Celia – Bard, Princess of the Bardic Lands, King’s Harpist of the Empire, and great-mage. A powerful weather-mage, second only to Windstorm, and one of the King’s most trusted associates. Continue reading
Elva – Knight and a low-ranked bureaucrat in the Imperial Service. Besides winning the amateur division of the Imperial Cup’s cross country competition about every other year until she was knighted, she also declined several promotions in the Imperial Service in favor of others she thought more deserving. Her low rank in the Service is also attributable to the Palace’s attempt to keep her and her sister Octavia together, offering major promotions only when two of a given position opened up.
A slender but athletic woman of medium height, she usually keeps her light brown hair tied back and out of her way even when not on the athletic fields. Rather than the robes that are popular in the Imperial Service, she favors a unique costume that she considers both more functional and more comfortable as well as easier to move in. Most of the time she wears it in dark colors.
Elva is fiercely devoted to her sister and passionate about her physical condition and athletic and combat skills. On the other hand, she works diligently to build and preserve a professional reputation of which she feels she can be proud, in general and in specific specialties she finds interesting and important, rather than using her time in her job to serve her “hobby.” And she spends about half of her evenings, after shorter days on the practice courts, strengthening social ties with friends and colleagues. But she spends her afternoons and the remaining evenings training for her next race or maintaining her sharp combat skills, often alongside and with the help of her sister.
When she arrived in the Empire, Elva joined several of her peers in taking a cultural orientation course offered by the Imperial Service. A few months into this course, she learned about the Imperial Cup amateur athletic competitions, and found herself inspired to win the Cup in at least one long-distance running event.
After the intensive schedule of the orientation course ended, she began training herself to get back into what she thought was “competitive condition.” At the next Imperial Cup, she ran in several races, and though her times were close to what she had usually achieved “in her prime” on Earth, she found that she did not even beat half of her competitors in any of the races.
When the government announced that it would begin tapering off the renumerative stipend it had offered to all of the Earth-natives who had abruptly found themselves in the Empire, she looked for work and took a position as a clerk in the Imperial Service. A year later, when her new job brought her material she found interesting but almost so foreign as to leave her deviously perplexed, she began taking classes at the Academy to give her further background for her work.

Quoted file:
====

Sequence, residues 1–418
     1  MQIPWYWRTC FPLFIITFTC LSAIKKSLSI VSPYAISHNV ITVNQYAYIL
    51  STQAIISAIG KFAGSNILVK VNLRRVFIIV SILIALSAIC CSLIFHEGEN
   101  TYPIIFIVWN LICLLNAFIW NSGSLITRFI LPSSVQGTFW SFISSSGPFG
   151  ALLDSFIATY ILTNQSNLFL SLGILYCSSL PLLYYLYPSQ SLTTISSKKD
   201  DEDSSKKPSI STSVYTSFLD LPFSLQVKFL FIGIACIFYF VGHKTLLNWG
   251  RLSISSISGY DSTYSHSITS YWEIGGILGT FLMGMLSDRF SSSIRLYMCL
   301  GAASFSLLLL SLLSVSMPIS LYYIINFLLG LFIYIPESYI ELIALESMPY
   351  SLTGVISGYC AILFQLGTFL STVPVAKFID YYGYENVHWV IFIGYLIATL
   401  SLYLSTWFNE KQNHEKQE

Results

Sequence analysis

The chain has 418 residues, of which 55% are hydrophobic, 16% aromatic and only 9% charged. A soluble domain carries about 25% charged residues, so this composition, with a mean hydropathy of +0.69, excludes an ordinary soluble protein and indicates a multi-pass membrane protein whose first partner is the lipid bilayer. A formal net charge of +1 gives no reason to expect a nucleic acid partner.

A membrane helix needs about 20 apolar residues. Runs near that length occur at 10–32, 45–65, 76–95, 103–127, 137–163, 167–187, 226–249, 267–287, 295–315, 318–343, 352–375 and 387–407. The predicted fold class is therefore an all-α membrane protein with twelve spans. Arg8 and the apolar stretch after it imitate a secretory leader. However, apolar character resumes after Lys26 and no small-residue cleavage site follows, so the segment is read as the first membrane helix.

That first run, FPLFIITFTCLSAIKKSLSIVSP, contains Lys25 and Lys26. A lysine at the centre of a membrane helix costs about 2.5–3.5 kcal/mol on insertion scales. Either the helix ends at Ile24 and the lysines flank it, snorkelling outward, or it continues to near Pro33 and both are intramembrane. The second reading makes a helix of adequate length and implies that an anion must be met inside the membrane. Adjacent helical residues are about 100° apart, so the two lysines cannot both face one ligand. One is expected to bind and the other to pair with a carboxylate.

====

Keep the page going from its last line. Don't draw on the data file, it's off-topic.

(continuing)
Once she found her stride at the Academy, she began to take advantage of the athletic training facilities and coaches it offered in conjunction with the knighthood-training concentration; over the course of the next year and a half, she improved her performance to the point that a Cup victory now looked almost within reach. Her instructors there encouraged her to investigate arms training and martial arts for self-defense and as another possible avenue for athletic competition. When she did so, she quickly took to the arts, finding them interesting and enjoyable, but she also realized that she would probably never reach a nationally-competitive skill level.
In her work in the Imperial Service, soon after that Elva was transferred to an administrative office in the records division of the Imperial Service that dealt with various vital statistics; in this capacity, over the next several years, she came to know nearly everyone in the Imperial Service in the capital, and heard many of their struggles and successes.
The following year, she competed in the Imperial Cup competition, focusing her training on a single race; she medaled for the first time, but did not win.
That same year, in the course of her work, she heard a great deal from and about one acquaintance in particular, who had been laboring mightily in obscurity in one of the poorer neighborhoods of the capital. His story moved her deeply, and she took it upon herself to champion him, arguing for his promotion in the Service and an increase in his budget, even at the cost of her own chance for a promotion that year and a partially-corresponding reduction in her own budget.